By Thamar Jones
A hot cup of hibiscus tea cupped in my hand and a plate with tiny slices of banana bread sat in my lap as I sat, feet up, in my plush chocolate brown sofa in my apartment this morning.
Breakfast was simply lavish and delicious and I savored every bite and sip. It was impossible not to be grateful in that moment: grateful for my food, the comfort of my home, the time and leisure to sit and enjoy breakfast, and grateful for my health. It is true, that gratitude is the best state of being at any and all times.
As we sit in our apartments or even in hospital beds during this pandemic, there are things we can do to improve our outcomes and maintain health. One of the most powerful tools for staying healthy, is gratitude.
There are always things to be grateful for–even now. And gratitude reminds us how special, beautiful and fortunate our lives are, even under stressful or hazardous conditions.
As we navigate this quarantine and epidemic, I call for you to think of at least three things you are grateful for upon waking and going to sleep every day. At first, it will probably be difficult to call to mind things that you can appreciate as everything may seem dire, so here are some suggestions to help you get started:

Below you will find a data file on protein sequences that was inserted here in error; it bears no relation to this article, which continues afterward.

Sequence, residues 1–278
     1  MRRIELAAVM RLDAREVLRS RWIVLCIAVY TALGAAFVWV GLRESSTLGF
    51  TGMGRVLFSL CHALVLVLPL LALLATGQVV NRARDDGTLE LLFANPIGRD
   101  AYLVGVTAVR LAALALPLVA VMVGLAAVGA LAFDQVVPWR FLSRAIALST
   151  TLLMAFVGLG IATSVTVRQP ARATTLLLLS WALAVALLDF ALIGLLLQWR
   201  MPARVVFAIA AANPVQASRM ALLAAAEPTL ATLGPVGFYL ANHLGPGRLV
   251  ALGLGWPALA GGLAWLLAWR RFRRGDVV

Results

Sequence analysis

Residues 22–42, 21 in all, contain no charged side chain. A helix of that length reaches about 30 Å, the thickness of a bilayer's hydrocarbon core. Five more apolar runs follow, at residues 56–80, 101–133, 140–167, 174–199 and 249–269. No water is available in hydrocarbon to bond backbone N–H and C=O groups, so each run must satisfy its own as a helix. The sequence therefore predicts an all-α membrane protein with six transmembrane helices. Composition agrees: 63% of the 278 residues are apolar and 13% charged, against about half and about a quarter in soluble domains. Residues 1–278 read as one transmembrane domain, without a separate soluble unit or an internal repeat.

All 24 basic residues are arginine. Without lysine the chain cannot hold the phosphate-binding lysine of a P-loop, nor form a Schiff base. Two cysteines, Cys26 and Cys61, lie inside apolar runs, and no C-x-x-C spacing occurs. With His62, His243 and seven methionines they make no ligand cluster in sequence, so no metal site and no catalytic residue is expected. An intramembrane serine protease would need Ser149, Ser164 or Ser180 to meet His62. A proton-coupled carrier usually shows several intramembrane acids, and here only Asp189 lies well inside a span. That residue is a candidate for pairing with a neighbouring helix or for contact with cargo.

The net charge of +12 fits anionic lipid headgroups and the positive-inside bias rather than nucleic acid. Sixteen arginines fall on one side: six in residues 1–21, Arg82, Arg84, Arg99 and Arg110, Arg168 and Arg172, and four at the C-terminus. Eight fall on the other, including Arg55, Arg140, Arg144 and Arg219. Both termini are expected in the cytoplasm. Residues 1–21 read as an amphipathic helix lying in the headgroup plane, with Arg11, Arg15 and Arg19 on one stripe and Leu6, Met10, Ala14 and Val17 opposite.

We are lucky that there are researchers who have devoted their lives to preventing and addressing pandemics like this one, and furthermore that the scientific community collaborates and drops their current work to come together and solve issues like this when they arise.
We can be grateful for the heroes of healthcare who put their own safety at risk to care for total strangers simply because it is what they do, for loved ones and a time of forced perspective, to consider what really matters to us.
You owe three reasons of your own to be grateful today before bed. As you practice this, the things you are grateful for will become more specific to your own life. Gratitude practice is not only important for making you feel better psychologically during this crisis, it can also help your physical health.
Keep Calm and Carry On During World War II there was a different existential threat to our wellbeing. People were told to “Keep Calm and Carry On.” Today this is may sound like just a trendy meme but the wisdom behind this statement is as true as it ever was. Limiting worry about COVID-19 may actually improve your outcome should you contract it.
Keep calm and carry on. We will get through this. Life will return to normal. It may be a new kind of normal, but this will all be a memory one day.
Finally, it is important to focus on the silver lining of this situation. Crisis brings out the best in people. Crisis reminds us why it is important to celebrate every day and share our love with family, neighbors, and friends. Crisis reminds us of how lucky we are and how important it is to take care of ourselves, our communities, and our planet.
As we weather this crisis, let us be fortunate enough to remember the lessons that it has to teach us so that we can continue to strive towards a better tomorrow.
By Thamar Jones